As the CTO of a major bank, Robert is responsible for ensuring that customer data is handled properly and securely. To keep costs in check and ensure on-demand scalability, he is looking to replace the existing in-house solution with a cloud-based approach.
Robert and the conventional test methods
Regulatory authorities place high demands on data security within the banking sector, and compliance with these demands has to be verified through certification. In the bank’s own data centers, Robert can prove that the security level required by the regulatory authorities is being achieved. Professional cloud vendors typically hold multiple certifications that attest that their products meet the security standards. However, these certifications only prove that the cloud products complied with the relevant criteria at the time they were certified. To be able to claim that the level of security offered by a cloud solution is sufficiently high from the standpoint of the regulatory authorities, this traditional method of certification isn’t adequate. As an additional requirement, information that is updated continuously has to be made available as well to ensure that the level of compliance has been achieved.
Robert’s challenge in detail
Cloud computing has become the de facto standard for the provision of IT services – not just within the banking sector, but in virtually all industries – resulting in benefits that include flexibility, cost efficiency, and reduced maintenance. Nevertheless, adopting cloud computing also entails a loss of control with regard to data security and data protection, which can be a barrier for potential cloud customers. Cloud service providers have responded to this issue by increasing the level of transparency in their security and data protection features and by conducting externally monitored audits for various certifications. These audits are typically conducted annually or semi-annually, which means that any interim changes to the cloud infrastructure aren’t reflected in the audit reports until the next official review.
Real-time certification is the solution for Robert
In principle, the solution is simple, but its implementation is complex. Instead of traditional, process-driven, and selective certification, what is needed is continuous, automated monitoring by means of data-driven, real-time certification.
That type of audit, based on a tightly timed evaluation of checks and controls, is in particular demand among cloud customers with sensitive data such as financial institutions or companies in the industrial sector. Implementing continuous certification dramatically improves the level of trust, transparency, and certainty. At present, however, there is no commonly established method for monitoring the compliance of cloud services in real time.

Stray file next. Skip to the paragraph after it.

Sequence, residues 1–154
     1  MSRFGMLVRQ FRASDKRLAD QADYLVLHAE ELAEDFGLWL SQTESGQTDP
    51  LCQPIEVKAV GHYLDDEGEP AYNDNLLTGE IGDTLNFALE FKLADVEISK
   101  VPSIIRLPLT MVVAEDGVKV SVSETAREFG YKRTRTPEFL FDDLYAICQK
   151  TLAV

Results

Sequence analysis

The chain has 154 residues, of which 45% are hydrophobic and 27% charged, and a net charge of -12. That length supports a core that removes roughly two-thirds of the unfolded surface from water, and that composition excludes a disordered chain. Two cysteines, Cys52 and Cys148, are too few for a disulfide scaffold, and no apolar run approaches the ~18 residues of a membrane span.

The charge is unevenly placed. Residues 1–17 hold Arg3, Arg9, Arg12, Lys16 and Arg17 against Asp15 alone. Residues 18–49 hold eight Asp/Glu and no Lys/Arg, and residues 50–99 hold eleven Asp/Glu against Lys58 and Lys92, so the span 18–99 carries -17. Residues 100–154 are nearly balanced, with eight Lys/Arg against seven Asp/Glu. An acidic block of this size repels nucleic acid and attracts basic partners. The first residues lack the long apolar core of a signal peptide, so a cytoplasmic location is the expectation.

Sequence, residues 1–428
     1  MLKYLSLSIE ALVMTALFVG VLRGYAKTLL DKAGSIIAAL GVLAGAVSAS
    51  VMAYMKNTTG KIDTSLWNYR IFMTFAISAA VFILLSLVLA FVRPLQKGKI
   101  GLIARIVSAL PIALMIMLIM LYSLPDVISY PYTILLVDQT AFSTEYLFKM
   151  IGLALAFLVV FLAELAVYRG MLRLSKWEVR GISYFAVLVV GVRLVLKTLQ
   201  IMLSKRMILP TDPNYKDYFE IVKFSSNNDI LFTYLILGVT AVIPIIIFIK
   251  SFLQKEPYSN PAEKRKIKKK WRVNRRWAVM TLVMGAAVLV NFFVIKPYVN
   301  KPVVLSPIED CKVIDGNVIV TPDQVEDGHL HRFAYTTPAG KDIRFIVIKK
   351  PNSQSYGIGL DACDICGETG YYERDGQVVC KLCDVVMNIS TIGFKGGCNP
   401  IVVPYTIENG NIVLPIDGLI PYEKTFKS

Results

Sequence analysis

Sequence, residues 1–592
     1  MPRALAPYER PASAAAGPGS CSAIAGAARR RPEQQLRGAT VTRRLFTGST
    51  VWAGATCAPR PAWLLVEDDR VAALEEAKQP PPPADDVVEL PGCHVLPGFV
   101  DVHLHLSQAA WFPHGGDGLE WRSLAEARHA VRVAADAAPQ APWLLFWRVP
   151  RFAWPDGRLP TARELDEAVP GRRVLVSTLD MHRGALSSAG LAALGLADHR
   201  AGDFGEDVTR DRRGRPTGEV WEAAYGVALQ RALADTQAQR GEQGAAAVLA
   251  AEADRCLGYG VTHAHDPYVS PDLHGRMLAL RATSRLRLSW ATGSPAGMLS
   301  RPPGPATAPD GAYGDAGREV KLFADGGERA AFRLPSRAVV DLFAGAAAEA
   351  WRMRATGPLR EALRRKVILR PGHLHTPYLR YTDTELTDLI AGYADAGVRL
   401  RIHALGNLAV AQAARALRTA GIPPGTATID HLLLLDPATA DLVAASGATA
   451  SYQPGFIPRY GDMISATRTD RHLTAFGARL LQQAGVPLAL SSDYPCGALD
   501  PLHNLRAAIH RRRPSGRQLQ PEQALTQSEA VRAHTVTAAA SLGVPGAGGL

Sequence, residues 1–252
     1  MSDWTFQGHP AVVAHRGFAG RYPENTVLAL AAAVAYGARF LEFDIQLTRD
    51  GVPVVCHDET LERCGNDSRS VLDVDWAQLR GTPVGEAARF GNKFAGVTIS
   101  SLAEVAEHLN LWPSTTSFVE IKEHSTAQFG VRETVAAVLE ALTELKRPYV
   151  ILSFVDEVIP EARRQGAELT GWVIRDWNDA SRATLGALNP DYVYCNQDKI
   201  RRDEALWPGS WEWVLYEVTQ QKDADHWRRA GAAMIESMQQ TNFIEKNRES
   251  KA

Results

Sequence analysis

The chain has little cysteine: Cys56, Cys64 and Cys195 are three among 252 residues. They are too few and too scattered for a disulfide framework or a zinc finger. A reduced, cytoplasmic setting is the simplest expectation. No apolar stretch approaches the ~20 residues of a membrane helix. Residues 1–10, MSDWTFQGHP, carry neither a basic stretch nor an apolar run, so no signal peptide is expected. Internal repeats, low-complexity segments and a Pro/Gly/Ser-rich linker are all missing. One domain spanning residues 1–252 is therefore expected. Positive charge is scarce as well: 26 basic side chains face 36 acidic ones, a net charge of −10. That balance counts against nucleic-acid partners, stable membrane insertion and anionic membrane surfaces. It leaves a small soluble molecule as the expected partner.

In 2020, the revision of the C5 catalogue of requirements (Cloud Computing Compliance Criteria Catalogue, which specifies the minimum requirements for secure cloud computing) of the German Federal Office for Information Security (BSI) highlighted the possibility of monitoring the requirements continuously. The technical feasibility of this kind of monitoring was, however, not addressed in detail.
The ideal scenario for CTOs like Robert is for the cloud service providers to be able to offer this kind of data-driven certification themselves. That would ensure compliance with security requirements at all times, which would in turn result in a significant increase in transparency. The status of compliance in this scenario is based on data that can be verified in near real time.
The idea behind it is a standardized evaluation of controls designed to make the security features of the information system comparable and to validate it. One conceivable approach is to view security controls as a set of service level objectives (SLO) or service quality objectives (SQO), similar to the definition of service level agreements (SLA). In other words, defining concretely quantifiable attributes and targets that delineate a given security check is the key component of an automated, continuous audit. These allow organizations to assess whether the associated objectives are being met and thus verify that a specific security check is in place.
This is the challenge that Fabasoft, together with an international team of partners, will address within the European project MEDINA starting in November 2020.